Black and White photogrqphy

Many of the photos I am presenting on my site are black and white. I started working with b&w in the Summer 2009. When I participated in the photo workshop of Johnatan Chritchley in Biarritz, he opened my eyes to the possibility of working with b&w in digital photography. For me it was a discovery that had a creative impact on me. It can be easier to get a stronger photographic statement in b&w. It is as if a picture gets more life when converted to monochrome. The forms and shapes are getting clearer. Although the human perception of the world is not b&w, the b&w photo has its very own expression and representation of the same world.

I shot some b&w films when I was young and when I see them today I am positively surprised how good they still are. Many of my early color photos are fading away, losing the colors. They are getting browner and browner. The b&s are equal good still.

So I bought some books on b&w photography and started learning about the art of b&w. Also I read about methods of using Lightroom. I bought the program in August 2009 and it helped my creativity further. With Lightroom I have more control over my photos than before and I am enjoying working with my photos. When I saw the photos of one of the famous and inspiring photographers in Norway, Morten Krogvold, in a book about Rome, it was revealing that he is working with a similar style that I have found as inspiring. I think his b&w photos from Rome are outstanding and they have quite dark tones in the photos. On some of the photos I am searching to achieve the same effect.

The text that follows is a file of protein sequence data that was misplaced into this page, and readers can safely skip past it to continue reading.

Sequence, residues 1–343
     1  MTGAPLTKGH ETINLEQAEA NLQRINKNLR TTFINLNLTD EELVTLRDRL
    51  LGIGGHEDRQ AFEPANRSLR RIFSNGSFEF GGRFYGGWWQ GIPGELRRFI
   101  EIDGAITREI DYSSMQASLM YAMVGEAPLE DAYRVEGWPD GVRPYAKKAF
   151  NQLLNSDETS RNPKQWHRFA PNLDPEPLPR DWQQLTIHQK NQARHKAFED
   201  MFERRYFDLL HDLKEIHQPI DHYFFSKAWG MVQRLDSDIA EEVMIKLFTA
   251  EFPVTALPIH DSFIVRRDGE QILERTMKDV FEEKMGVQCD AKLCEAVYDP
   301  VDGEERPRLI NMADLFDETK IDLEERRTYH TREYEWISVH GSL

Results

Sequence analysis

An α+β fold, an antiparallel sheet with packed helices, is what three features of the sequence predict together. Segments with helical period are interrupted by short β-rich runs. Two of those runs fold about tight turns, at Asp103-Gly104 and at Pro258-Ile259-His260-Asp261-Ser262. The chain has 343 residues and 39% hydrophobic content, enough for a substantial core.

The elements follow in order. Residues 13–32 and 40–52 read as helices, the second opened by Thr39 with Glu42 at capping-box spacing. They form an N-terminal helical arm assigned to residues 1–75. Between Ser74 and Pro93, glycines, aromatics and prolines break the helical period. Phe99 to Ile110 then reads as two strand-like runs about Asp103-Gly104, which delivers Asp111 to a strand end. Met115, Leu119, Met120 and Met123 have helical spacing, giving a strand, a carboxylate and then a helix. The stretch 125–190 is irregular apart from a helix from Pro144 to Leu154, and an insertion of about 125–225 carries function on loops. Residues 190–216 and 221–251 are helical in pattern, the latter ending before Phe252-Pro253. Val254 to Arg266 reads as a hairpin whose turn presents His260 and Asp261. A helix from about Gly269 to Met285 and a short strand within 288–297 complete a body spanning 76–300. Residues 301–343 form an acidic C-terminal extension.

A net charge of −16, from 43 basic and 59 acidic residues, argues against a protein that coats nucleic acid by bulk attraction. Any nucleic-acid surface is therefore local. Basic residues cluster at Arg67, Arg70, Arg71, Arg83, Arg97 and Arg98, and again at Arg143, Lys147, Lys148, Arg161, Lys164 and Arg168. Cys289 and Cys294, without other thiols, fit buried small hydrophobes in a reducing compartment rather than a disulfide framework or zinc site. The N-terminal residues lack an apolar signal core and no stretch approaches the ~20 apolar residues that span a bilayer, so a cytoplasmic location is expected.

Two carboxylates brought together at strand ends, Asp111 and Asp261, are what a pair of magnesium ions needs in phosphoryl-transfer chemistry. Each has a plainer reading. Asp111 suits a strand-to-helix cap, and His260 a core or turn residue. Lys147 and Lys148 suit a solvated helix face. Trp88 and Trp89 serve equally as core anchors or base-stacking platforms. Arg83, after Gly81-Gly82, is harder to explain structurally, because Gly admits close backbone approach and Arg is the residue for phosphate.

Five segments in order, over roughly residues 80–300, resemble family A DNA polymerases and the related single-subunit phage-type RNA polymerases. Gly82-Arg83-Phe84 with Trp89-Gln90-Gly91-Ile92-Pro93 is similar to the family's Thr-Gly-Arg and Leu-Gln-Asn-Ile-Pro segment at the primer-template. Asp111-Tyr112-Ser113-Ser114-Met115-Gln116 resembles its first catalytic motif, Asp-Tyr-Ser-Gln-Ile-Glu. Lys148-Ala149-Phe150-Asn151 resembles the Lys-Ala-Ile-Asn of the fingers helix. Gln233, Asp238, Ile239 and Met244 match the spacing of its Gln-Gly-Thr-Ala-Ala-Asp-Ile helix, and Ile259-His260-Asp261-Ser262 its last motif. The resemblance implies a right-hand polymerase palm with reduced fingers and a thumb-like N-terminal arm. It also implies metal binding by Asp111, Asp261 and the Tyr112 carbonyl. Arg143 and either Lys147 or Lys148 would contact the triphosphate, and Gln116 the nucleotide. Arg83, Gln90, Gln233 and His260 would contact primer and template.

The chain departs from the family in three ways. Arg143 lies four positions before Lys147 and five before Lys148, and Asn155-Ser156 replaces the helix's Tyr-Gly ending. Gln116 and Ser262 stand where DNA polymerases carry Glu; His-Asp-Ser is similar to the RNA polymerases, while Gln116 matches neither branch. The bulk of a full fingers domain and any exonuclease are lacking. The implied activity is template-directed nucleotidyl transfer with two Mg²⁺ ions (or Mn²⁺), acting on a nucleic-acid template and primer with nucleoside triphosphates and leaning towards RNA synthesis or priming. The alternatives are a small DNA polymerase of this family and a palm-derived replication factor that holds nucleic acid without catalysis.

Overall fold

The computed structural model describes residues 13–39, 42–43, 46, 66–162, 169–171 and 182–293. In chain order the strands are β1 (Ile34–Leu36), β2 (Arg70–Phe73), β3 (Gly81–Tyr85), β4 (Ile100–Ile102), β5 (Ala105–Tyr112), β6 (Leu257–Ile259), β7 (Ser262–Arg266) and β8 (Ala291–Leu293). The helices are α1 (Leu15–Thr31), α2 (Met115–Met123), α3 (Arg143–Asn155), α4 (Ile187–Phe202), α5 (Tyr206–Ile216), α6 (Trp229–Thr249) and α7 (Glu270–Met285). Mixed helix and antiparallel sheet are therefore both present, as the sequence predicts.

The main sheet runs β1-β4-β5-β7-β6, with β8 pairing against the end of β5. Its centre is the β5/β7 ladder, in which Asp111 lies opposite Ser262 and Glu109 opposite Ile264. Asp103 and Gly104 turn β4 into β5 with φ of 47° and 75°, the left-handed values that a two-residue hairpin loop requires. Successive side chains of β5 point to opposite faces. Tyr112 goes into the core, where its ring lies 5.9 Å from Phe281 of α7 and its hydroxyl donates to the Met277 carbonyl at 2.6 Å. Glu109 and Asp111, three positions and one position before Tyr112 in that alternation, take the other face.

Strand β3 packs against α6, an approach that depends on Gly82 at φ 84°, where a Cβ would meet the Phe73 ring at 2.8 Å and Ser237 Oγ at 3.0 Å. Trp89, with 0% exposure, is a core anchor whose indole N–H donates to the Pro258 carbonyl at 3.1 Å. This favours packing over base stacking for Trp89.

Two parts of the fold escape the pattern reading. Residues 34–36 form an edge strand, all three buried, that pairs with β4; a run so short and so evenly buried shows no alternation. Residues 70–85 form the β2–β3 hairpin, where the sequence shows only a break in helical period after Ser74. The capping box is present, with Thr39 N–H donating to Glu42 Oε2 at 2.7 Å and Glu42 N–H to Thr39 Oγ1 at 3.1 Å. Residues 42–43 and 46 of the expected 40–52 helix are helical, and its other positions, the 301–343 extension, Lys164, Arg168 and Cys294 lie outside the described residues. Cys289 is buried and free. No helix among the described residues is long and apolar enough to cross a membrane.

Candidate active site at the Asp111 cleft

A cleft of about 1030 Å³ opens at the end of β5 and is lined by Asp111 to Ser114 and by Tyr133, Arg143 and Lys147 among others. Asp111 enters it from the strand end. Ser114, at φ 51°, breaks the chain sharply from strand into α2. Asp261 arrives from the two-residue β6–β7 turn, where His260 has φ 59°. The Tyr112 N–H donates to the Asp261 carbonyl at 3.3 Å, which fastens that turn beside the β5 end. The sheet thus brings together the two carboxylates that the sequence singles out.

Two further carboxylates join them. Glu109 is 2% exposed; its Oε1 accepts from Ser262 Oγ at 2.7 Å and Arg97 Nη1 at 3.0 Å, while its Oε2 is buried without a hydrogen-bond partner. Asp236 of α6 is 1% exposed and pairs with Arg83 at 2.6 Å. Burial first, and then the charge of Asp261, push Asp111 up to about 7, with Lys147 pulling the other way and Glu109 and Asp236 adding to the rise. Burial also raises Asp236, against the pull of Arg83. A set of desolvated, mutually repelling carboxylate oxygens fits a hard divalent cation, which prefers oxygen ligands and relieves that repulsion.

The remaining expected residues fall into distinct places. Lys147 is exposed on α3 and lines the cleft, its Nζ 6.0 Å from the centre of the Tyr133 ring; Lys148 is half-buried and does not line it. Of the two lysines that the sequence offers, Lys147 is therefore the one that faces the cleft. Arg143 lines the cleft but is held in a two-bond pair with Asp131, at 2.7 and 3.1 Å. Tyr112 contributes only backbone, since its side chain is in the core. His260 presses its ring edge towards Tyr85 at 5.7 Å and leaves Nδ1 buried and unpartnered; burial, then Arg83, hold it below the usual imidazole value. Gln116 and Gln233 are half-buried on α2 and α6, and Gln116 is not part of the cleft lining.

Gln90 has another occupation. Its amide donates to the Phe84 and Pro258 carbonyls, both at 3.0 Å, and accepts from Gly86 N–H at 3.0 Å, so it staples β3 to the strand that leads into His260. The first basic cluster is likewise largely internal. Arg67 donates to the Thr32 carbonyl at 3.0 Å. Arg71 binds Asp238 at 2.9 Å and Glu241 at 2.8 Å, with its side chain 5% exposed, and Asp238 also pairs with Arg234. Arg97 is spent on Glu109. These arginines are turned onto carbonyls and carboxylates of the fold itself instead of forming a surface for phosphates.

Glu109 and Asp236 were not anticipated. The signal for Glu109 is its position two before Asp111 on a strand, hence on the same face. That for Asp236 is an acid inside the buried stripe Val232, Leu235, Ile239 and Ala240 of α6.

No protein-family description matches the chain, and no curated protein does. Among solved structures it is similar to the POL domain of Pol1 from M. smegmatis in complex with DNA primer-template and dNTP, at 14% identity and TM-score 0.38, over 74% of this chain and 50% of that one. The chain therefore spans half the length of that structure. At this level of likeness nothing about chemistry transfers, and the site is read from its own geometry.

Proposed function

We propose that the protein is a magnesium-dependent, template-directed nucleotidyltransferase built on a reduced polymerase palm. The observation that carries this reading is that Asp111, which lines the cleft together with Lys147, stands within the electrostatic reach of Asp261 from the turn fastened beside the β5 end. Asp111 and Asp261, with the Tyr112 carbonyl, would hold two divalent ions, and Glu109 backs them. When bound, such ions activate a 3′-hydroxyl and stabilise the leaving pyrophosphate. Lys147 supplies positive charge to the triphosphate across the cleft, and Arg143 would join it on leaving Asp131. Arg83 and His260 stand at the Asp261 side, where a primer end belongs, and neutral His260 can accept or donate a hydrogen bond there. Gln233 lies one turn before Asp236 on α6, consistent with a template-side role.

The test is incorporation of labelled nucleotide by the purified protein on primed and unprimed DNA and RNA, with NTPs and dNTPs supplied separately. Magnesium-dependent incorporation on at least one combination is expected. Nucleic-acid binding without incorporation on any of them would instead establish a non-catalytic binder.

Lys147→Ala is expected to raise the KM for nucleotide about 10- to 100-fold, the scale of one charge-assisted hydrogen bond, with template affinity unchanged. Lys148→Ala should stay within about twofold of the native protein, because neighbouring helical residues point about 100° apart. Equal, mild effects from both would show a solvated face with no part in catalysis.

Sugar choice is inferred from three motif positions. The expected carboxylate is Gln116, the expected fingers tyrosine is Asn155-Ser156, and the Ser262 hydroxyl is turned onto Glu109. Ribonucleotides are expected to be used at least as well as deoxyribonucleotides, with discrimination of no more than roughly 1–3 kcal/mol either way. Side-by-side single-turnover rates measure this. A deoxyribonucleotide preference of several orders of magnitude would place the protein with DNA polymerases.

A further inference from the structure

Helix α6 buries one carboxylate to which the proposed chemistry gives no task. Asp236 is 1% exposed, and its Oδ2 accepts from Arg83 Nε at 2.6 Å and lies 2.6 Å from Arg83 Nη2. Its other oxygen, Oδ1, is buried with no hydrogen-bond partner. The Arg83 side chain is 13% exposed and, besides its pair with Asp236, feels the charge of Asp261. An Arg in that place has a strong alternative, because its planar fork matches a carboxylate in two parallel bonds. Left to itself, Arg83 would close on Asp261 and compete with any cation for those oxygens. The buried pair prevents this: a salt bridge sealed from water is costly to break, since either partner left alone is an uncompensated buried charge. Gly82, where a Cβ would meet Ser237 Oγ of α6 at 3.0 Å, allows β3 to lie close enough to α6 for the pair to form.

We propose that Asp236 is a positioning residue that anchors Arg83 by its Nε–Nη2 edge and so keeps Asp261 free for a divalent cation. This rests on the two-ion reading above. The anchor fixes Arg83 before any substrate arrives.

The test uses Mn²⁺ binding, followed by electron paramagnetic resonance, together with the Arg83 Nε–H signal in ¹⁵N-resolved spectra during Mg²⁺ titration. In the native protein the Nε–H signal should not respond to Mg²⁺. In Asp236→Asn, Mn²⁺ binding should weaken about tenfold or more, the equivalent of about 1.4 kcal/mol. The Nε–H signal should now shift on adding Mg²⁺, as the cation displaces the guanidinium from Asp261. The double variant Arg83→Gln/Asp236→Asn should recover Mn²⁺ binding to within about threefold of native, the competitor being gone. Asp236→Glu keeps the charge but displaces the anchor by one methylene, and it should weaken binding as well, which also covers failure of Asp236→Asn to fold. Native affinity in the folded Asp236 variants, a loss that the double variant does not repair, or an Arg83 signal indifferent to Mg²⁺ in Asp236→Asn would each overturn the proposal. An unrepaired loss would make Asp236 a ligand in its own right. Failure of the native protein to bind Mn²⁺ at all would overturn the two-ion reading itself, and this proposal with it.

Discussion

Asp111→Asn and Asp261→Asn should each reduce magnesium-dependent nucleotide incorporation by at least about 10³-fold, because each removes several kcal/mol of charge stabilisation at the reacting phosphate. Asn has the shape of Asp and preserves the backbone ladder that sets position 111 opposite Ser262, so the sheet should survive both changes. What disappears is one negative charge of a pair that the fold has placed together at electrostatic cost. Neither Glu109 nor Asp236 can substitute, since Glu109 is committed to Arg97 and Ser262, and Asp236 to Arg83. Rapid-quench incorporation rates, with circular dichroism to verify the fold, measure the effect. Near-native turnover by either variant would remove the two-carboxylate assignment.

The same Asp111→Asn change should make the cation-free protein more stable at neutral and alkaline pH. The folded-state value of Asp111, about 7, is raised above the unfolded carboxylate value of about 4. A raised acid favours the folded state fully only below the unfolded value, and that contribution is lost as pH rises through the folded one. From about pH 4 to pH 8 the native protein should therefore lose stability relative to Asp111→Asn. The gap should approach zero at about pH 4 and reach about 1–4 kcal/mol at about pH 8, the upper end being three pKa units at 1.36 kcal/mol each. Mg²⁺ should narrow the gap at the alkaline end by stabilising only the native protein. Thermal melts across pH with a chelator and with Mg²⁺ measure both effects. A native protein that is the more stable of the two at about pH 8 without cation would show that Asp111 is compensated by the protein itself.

Some time I do crop the photos to a square format, that will give strength to the composition if it fits. The square format is a reference to the classic world of photography. I got my grandfathers favourite camera, a Rolleiflex 2.8F, as a part of my heritage. Of course it is still working good. I tried some b&w film and the square format invited me to try square ... when I brought some of my photos taken with the Sigmas for framing, the owner of the store thought they were shot with a Hasselblad. To me this was one of the best confirmation I have got on my work so far. The framer has worked with photographers for about 40 years. I think it also says something about the quality of the Sigma Foeveon sensor.

When I have defined the square crop, I will first set the black- and the white-point of the photo after the conversion to b&w. Then I will pass trough the normal global and local settings within Lightroom, also using the ND-filter and the light brush to simulate dodging and burning. Normally I will print the photos, I think the printed photo is much better than any screen versions. The jpg versions of the photos on the website are not giving sufficient justice to the printed version, but at least they give an idea of the photo itself. For printing I am using an Epson Pro 3800, which I think offers very good prints with its advanced b&w settings. As paper I have become quite fond of the Canson Baryta Photographique 310 grams.

1st version, revised 14th of December 2011